Transport ministers to be quizzed at parliamentary cycling inquiry

פורסם: 4 במרץ 2013, 10:32 על ידי: Sustainability Org   [ עודכן 4 במרץ 2013, 10:33 ]
by Carlton Reid 4/3/2013

Transport ministers to be quizzed at parliamentary cycling inquiry

Today's session of the Get Britain Cycling inquiry is the last and will hear from a variety of witnesses, including ministers.

Witnesses in this afternoon's sixth, and final, session of the Get Britain Cycling inquiry will answer questions on the government’s role in cycle safety, including the need for leadership, cross-departmental cooperation and ambitious targets.

Norman Baker MP and Stephen Hammond MP will represent the Department for Transport, and Carl Sargeant AM will represent the Welsh Assembly. Jon Snow from Channel 4 News and the Mayor of London’s Cycling Commissioner, Andrew Gilligan will also give evidence as will representatives from the European Cyclists' Federation and the Dutch Cycling Embassy.

Kevin Mayne, development director at the European Cyclists' Federation, will be appearing by video link and is expected to cite measures which have led to an increase in cycling in other countries, measures that don't always include provision of infrastructure.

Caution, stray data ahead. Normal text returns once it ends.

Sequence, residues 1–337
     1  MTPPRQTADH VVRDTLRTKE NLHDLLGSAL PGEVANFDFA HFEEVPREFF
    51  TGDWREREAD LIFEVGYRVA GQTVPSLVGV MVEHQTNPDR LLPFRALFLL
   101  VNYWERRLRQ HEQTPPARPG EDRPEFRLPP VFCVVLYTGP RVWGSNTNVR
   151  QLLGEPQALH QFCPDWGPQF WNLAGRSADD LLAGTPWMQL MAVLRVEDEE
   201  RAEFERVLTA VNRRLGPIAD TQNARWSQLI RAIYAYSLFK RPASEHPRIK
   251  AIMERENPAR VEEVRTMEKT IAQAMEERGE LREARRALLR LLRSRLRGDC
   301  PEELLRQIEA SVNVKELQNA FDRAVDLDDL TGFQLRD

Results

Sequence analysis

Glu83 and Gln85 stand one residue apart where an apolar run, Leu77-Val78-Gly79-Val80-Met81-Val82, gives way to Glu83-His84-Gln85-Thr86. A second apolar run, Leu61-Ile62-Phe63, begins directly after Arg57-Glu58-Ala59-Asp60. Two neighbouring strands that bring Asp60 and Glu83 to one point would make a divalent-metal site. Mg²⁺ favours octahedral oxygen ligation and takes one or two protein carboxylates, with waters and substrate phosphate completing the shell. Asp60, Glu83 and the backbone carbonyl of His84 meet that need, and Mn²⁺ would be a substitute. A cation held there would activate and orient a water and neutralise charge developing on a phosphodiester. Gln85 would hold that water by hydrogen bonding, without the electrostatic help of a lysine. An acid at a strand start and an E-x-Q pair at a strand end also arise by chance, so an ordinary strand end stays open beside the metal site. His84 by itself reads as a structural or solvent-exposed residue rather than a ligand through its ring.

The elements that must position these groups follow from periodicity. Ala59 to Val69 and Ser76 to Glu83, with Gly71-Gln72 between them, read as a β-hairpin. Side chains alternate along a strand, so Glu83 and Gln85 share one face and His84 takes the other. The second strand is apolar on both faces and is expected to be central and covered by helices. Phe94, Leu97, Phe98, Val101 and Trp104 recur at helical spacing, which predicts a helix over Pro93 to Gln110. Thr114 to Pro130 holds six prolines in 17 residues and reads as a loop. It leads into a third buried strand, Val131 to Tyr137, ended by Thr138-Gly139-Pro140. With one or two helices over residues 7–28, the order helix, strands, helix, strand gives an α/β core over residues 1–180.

The ‘Get Britain Cycling’ Inquiry – which is backed by the major cycling organisations – is seeking views on how the government can help get more people cycling by making it safer and more accessible.

This afternoon's session starts at 2pm and can be followed by a live audio feed and a live blog

The inquiry’s findings will be presented to Government in April. The publication of the Get Britain Cycling report, written by Professor Phil Goodwin, is sponsored by the Bicycle Association and News International, in support of The Times’ 'cities safe for cyclists' campaign.

Sustrans is calling on Baker and Hammond to outline a clear action plan for cycling at the evidence giving session this afternoon.

Sustrans policy director Jason Torrance said: "With rising obesity levels meaning that today's children have a lower life expectancy than their parents, the government simply cannot ignore the need to get Britain active.

“Cycling can help rescue the UK from the grips of this obesity crisis and save the NHS millions - ministers must outline a clear plan to make this a reality.

“The message from this inquiry is crystal clear – if we are to reap the vast benefits of more cycling we urgently need leadership from government, improved education, infrastructure and funding."

Sustrans has called for a number of measures from the government, including:

  •  Introduce a national default speed limit of 20mph in residential areas
  •  Allocate at least 10 per cent of transport budgets to increasing cycling levels
  •  Build more safe cycling routes across the UK
  •  Invest to achieve a quarter of children cycling to school regularly
  •  See health and transport departments work together to ensure cycling is central to future public health plans.